Dvar Torah: Acharei Kedoshim
"It was the best of times, it was the worst of times, it was the age of wisdom, it was the age of foolishness, it was the epoch of belief, it was the epoch of incredulity, it was the season of Light, it was the season of Darkness, it was the spring of hope, it was the winter of despair, we had everything before us, we had nothing before us, we were all going direct to Heaven, we were all going direct the other way – in short, the period was so far like the present period, that some of its noisiest authorities insisted on its being received, for good or for evil, in the superlative degree of comparison only." - Charles Dickens
We are currently in the period of the Omer, a well known period of mourning. We mourn for the students of Rabbi Akiva who died at this time. We mourn for the Jewish communities of Europe destroyed over the years during this season. We don't shave, we don't listen to music, we don't dance. We restrict our activities and joy, in recognition of the sad history of this period.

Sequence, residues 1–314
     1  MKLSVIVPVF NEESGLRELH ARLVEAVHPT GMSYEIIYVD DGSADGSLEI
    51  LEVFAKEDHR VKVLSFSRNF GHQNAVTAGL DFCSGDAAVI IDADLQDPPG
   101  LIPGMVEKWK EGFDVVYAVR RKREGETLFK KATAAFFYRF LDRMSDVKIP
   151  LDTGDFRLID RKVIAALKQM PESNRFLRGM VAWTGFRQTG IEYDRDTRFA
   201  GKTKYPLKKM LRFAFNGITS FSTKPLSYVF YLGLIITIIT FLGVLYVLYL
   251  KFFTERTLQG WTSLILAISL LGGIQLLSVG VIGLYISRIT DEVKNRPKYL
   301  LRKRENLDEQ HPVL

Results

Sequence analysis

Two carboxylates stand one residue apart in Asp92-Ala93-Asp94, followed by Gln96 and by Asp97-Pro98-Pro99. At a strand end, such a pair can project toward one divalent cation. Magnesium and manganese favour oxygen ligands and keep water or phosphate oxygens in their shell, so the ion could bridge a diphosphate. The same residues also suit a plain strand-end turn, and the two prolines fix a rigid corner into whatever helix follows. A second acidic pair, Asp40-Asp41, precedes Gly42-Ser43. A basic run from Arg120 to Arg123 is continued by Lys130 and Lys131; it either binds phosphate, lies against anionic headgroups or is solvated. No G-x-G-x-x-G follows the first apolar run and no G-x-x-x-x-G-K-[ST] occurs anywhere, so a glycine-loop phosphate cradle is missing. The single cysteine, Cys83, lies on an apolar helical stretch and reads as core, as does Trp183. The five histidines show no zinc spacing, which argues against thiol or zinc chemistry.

And yet Omer marks the transition from Pesach to Shavuot, two of the three happiest times we have in our calendar. And over the years, many joyous days have accrued during the Omer. We have just been through Yom HaAtzmaut, a day when we celebrate and thank G-d for giving us our state back after almost two thousand years. We are rapidly approaching Lag BaOmer. Soon afterwards, we will mark Yom Yerushalayim, the day that Israel's borders were rendered secure and that we returned to the ancient city so imbued with our history. This time feels incredibly happy. How can we mourn at such a time?
Life is rarely black and white, and that is particularly true now. As the world begins to rise after the enforced rest of the Coronavirus quarantines, as our government in Australia also begins to loosen restrictions slowly, we are forcibly reminded that even the most difficult of times highlight the wonder of our lives. True, we stay at home and cannot leave, true a dangerous disease stalks the world, but our community has come together. The Jewish people feel closer than they have in living memory. We didn't have our community celebrations and commemorations, as we have in past years, and yet, so many engaged so actively with our national days.
As we continue through these days, the best of them, and the worst, let us all try to focus on what has been good about them, as hard as it can be. Let us try to see them as something which has a positive edge, something which can be learnt from and grown from. Let them be a catalyst for the further positive development of our community.